Another pretty mixed tone miniature is Glowing Amber bred in Canada. This is one of the most colorful of the miniature roses. Exhibition blooms of bright red with an amber-yellow reverse. This powerful little bloomer has good disease resistancy and will bloom profusely. Also makes great cut flowers.
How To Water and Prune Your Miniature Roses
How much water your rose bush will require depends on your soil and weather. A general rule of thumb is to provide at least an inch of water each week. During hot, dry spells you will need to water more frequently. Be sure to water deeply, so that the soil is wet at least 12 - 18 inches below the surface. Avoid getting the leaves wet during humid weather, to discourage fungal diseases.
As with other roses, prune miniature roses just before new growth starts in late winter or early spring. Hard pruning is not necessary. Prune dead or broken wood first. Then trim back about a third of the plant to maintain its shape and encourage new growth.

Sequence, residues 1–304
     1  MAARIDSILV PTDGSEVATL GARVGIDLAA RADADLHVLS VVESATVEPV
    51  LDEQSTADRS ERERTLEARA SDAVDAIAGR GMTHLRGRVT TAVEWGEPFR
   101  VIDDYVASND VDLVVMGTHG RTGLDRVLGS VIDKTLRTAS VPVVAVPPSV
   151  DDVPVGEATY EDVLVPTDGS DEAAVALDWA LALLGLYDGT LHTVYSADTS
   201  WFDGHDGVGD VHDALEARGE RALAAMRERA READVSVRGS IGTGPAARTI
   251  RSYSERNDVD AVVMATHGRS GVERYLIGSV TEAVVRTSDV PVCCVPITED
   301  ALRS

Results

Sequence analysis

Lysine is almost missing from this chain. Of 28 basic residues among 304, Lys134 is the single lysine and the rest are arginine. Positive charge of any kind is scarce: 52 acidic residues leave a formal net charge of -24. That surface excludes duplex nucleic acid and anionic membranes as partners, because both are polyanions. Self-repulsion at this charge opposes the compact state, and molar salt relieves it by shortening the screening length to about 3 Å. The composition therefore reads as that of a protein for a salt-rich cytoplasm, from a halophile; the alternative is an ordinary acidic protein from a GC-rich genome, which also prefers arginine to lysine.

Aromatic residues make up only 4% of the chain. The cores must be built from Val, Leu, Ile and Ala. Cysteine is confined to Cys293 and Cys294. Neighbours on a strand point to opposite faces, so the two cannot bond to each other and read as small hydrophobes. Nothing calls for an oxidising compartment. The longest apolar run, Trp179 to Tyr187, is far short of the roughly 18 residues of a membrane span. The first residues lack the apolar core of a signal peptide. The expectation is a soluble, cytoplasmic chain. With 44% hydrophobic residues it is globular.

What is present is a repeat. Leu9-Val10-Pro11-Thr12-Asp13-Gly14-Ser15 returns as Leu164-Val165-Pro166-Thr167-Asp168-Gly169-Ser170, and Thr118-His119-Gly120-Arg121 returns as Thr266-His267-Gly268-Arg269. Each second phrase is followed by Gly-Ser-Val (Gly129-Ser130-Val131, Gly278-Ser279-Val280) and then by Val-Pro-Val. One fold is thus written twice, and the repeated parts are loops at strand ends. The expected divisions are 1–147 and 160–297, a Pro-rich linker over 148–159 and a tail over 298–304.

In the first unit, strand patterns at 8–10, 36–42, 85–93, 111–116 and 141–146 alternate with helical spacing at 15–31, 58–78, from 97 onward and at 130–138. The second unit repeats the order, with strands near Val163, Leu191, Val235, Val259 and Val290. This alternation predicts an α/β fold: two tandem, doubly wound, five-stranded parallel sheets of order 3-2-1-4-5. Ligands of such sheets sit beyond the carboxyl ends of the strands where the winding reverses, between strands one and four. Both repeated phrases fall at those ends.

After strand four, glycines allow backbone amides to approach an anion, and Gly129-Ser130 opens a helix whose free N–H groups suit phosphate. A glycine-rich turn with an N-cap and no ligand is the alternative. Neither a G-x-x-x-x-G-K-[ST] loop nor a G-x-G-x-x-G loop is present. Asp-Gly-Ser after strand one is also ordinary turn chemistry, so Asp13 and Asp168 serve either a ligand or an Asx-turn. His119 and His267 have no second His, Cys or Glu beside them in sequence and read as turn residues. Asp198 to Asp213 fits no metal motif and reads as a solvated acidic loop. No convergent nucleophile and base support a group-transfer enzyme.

Miniature Rose Care Tips - How To Prune A Mini Rose
Miniature Roses Look Great in Containers...
Mini Roses look terrific in all types of containers. Plant them by themselves or with other flowers with similar sun and water requirements. Add some color to your patio or desk, or plant them in window boxes. They are small and versatile and always garner compliments!
Some of my favorite companion plants for mini roses are wave petunias cascading out of a pot, geraniums, cheerful gerbera daisies and sun-loving vincas.